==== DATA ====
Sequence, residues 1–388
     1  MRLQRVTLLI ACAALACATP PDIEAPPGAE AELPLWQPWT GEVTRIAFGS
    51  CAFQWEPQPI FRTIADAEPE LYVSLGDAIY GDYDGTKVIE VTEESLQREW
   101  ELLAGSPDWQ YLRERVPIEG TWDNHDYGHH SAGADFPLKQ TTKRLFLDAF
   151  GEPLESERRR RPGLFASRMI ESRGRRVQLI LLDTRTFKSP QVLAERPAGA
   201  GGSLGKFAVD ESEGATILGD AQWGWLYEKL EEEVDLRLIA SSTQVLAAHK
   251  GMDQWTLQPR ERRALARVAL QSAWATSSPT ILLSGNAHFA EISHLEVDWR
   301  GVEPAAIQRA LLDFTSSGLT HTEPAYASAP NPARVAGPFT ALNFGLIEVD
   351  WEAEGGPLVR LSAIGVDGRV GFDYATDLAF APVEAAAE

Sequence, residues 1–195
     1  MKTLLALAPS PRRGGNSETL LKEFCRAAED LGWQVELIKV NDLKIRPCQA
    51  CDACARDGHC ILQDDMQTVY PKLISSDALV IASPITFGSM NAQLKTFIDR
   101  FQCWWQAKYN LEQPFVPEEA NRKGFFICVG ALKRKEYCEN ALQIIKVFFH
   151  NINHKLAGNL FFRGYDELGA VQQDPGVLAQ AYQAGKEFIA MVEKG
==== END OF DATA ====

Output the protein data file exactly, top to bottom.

Sequence, residues 1–388
     1  MRLQRVTLLI ACAALACATP PDIEAPPGAE AELPLWQPWT GEVTRIAFGS
    51  CAFQWEPQPI FRTIADAEPE LYVSLGDAIY GDYDGTKVIE VTEESLQREW
   101  ELLAGSPDWQ YLRERVPIEG TWDNHDYGHH SAGADFPLKQ TTKRLFLDAF
   151  GEPLESERRR RPGLFASRMI ESRGRRVQLI LLDTRTFKSP QVLAERPAGA
   201  GGSLGKFAVD ESEGATILGD AQWGWLYEKL EEEVDLRLIA SSTQVLAAHK
   251  GMDQWTLQPR ERRALARVAL QSAWATSSPT ILLSGNAHFA EISHLEVDWR
   301  GVEPAAIQRA LLDFTSSGLT HTEPAYASAP NPARVAGPFT ALNFGLIEVD
   351  WEAEGGPLVR LSAIGVDGRV GFDYATDLAF APVEAAAE

Sequence, residues 1–195
     1  MKTLLALAPS PRRGGNSETL LKEFCRAAED LGWQVELIKV NDLKIRPCQA
    51  CDACARDGHC ILQDDMQTVY PKLISSDALV IASPITFGSM NAQLKTFIDR
   101  FQCWWQAKYN LEQPFVPEEA NRKGFFICVG ALKRKEYCEN ALQIIKVFFH
   151  NINHKLAGNL FFRGYDELGA VQQDPGVLAQ AYQAGKEFIA MVEKG